Abortion on the ballot in Montana may boost Democrats - TAI News
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Planned Parenthood Advocates of Montana CEO Martha Fuller, Representative Laura Smith (HD-79), and former State Senator Diane Sands outlined Sheehy’s determination to strip away the freedoms of Montana women. June 24, 2024. (Montana Democrats)

The record of similar issues across the nation would suggest that the apparent success of a petition drive to place abortion rights on Montana’s November ballot is good news for the Democrats whose names will appear in that same space. But beyond that experience elsewhere, there are a couple of factors unique to Montana that promise a boost.

The issue has been a magic bullet for Democrats since it rose to the fore in 2022 when the U.S. Supreme Court overturned the right to abortion established by Roe v. Wade. Since then, voters in six states — California, Kansas, Kentucky, Michigan, Vermont, and Ohio — have weighed in to approve ballot measures ensuring the right to abortion.

The issue has bled over into electoral politics. Michigan Gov. Gretchen Whitmer has cited it as a major factor in her electoral success. The issue loomed large in Wisconsin’s pivotal Supreme Court race that elected the liberal candidate Janet Protaswiecz, but larger still in the 2022 midterms, when Democrats performed much better than polling suggested they would. Analysis of that result says Democrats got a significant tailwind from the abortion issue.

The reason for all of this is relatively straightforward. Voters, especially women, are more likely to turn out and vote when the issue is on the ballot and Democratic candidates, more often than not, favor abortion rights. 

That would seem to apply to Montana this year, with hotly contested races for the U.S. Senate seat held by Democrat Jon Tester and for governor and two U.S. House seats. Tester is a strong supporter of abortion rights and has a long track record on the issue, while his opponent, Republican Tim Sheehy, is backed by the very groups campaigning against abortion rights.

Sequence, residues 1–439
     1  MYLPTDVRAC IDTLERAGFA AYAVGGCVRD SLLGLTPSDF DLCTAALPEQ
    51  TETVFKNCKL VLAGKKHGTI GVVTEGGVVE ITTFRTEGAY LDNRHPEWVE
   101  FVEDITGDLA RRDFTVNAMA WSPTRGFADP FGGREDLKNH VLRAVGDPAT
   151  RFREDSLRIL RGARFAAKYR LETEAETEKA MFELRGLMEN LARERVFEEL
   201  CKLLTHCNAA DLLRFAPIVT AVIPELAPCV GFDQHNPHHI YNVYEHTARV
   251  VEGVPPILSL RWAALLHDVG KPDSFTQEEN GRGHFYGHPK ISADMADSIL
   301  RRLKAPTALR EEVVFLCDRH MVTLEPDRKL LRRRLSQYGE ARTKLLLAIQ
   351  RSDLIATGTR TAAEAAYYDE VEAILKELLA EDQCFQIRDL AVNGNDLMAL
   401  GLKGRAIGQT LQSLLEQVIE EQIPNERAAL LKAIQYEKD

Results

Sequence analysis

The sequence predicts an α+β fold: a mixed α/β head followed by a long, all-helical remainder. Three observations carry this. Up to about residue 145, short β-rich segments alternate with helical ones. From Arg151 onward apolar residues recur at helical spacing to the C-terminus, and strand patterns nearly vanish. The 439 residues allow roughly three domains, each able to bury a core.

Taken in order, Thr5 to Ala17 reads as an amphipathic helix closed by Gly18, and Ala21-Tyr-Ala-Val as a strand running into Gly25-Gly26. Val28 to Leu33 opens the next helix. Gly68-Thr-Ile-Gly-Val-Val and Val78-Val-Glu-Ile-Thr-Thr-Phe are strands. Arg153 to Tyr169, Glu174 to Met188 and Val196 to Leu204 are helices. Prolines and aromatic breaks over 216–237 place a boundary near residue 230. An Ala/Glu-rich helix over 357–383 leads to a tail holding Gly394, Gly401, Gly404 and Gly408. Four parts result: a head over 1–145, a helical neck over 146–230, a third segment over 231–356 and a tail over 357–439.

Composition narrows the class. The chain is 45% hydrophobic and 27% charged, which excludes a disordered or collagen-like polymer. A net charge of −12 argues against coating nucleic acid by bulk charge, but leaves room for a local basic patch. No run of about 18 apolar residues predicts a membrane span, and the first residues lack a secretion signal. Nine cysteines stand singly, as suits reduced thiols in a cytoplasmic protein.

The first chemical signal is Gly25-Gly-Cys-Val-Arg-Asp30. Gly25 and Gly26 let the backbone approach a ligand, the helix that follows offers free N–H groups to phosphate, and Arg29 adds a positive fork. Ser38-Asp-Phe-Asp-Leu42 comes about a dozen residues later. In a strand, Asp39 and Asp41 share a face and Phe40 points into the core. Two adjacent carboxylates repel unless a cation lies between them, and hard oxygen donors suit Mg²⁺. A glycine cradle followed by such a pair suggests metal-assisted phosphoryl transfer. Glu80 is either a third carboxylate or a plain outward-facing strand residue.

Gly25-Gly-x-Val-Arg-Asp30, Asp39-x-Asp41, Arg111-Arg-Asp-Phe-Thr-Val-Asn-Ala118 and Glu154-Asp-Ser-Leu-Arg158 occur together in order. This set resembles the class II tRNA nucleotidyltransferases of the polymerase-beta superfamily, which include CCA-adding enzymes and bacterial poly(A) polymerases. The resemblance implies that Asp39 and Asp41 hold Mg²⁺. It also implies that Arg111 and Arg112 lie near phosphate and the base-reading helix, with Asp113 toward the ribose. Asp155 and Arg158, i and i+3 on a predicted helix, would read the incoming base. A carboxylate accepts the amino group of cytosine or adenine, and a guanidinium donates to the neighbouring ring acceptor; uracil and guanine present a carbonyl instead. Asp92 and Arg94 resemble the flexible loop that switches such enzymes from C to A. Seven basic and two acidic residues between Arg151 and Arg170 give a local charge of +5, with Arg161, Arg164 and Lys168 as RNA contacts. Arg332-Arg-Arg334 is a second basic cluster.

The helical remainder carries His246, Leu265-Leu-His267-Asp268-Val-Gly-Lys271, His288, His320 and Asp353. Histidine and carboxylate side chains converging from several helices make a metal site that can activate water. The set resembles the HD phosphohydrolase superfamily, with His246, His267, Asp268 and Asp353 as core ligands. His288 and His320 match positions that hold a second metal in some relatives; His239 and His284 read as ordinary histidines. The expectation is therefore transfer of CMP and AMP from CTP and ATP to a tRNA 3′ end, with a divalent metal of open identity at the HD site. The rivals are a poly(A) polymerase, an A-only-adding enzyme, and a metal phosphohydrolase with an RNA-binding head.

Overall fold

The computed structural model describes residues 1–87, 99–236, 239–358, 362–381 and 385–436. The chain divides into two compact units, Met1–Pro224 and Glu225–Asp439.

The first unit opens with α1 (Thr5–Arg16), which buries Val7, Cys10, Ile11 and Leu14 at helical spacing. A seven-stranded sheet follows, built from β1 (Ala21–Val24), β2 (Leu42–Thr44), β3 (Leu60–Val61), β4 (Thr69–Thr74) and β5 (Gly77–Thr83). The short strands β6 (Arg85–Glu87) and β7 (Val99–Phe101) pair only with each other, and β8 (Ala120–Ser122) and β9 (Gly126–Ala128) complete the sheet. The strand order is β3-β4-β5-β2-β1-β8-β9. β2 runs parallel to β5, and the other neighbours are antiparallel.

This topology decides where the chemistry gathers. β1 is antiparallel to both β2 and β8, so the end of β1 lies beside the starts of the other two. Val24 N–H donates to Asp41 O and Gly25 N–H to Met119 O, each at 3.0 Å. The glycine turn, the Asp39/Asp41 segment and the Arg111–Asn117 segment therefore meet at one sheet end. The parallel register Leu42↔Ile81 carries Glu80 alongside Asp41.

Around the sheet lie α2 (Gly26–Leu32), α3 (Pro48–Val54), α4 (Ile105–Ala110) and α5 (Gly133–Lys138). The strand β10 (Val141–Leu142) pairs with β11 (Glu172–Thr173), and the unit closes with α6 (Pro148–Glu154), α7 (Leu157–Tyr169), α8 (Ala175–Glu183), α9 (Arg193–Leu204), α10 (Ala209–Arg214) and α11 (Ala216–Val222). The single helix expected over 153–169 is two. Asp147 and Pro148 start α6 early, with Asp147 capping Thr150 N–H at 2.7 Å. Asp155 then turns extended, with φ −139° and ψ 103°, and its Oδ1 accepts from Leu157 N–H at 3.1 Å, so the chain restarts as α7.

The incumbent Republican governor, Greg Gianforte, is a staunch Christian nationalist, opposes abortion rights, and has an established history of supporting anti-abortion groups such as Montana Family Foundation with large donations from his personal fortune. His opponent, Ryan Busse, is forthrightly pro-choice. One of his first acts was to select Raph Graybill as his running mate. Graybill was the lawyer for the coalition that brought the abortion issue to the ballot.

The Democratic House candidate in the 1st District, Monica Tranel, a supporter of abortion rights, has said in interviews that the issue is pivotal in her campaign. Her opponent, incumbent Rep. Ryan Zinke, is largely aligned with his fellow Republicans. So is Republican Troy Downing, while his Democratic opponent in the race for the 2nd Congressional District, John Driscoll, opposes a federal ban on abortion. All of this leaves very little ambiguity. There is a clear partisan alignment on the issue at the top of the ballot.

The more interesting factor, though, is wound up in the petition drive to place the issue on the ballot. Backers had a very short time to obtain the signatures because court challenges delayed the start of the campaign. They had to meet state requirements to gather signatures in every state House district, meaning they had to recruit volunteers to push petitions in remote rural conservative communities. They still managed to obtain twice as many signatures as needed. All of this suggests enthusiasm and a built network of volunteers that will come into play in November to turn out the vote.

“There is a huge movement of people who are 100% committed to doing the work on the ground,” Tranel said in an interview. “It fires me up. It gives me energy.”

Martha Fuller, the CEO of Planned Parenthood Advocates of Montana, a key player in the coalition of backers of the petition, appeared at a Democratic Party press conference shortly after the end of the petition drive to take particular aim at Sheehy.

“We cannot let Tim Sheehy, and other Republicans, be elected to office this November. We have seen the damage they have already done across the country and plan to do right here in Montana. We must stand together and show them that they can not take away our reproductive freedom,” Fuller said.

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